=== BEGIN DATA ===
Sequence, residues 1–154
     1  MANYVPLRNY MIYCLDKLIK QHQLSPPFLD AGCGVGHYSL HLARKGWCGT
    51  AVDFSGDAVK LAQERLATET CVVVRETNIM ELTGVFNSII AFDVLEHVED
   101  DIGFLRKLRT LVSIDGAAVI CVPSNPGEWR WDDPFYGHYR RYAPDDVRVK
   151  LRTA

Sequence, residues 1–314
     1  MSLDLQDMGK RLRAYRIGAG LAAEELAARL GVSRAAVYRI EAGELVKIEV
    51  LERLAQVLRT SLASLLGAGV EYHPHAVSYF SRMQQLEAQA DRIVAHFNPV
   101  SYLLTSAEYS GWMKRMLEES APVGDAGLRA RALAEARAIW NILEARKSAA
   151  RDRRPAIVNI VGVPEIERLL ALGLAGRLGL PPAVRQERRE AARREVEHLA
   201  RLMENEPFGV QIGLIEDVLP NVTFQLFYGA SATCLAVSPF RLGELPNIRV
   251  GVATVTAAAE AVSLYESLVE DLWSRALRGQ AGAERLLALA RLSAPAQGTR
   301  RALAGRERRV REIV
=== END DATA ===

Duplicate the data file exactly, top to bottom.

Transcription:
Sequence, residues 1–154
     1  MANYVPLRNY MIYCLDKLIK QHQLSPPFLD AGCGVGHYSL HLARKGWCGT
    51  AVDFSGDAVK LAQERLATET CVVVRETNIM ELTGVFNSII AFDVLEHVED
   101  DIGFLRKLRT LVSIDGAAVI CVPSNPGEWR WDDPFYGHYR RYAPDDVRVK
   151  LRTA

Sequence, residues 1–314
     1  MSLDLQDMGK RLRAYRIGAG LAAEELAARL GVSRAAVYRI EAGELVKIEV
    51  LERLAQVLRT SLASLLGAGV EYHPHAVSYF SRMQQLEAQA DRIVAHFNPV
   101  SYLLTSAEYS GWMKRMLEES APVGDAGLRA RALAEARAIW NILEARKSAA
   151  RDRRPAIVNI VGVPEIERLL ALGLAGRLGL PPAVRQERRE AARREVEHLA
   201  RLMENEPFGV QIGLIEDVLP NVTFQLFYGA SATCLAVSPF RLGELPNIRV
   251  GVATVTAAAE AVSLYESLVE DLWSRALRGQ AGAERLLALA RLSAPAQGTR
   301  RALAGRERRV REIV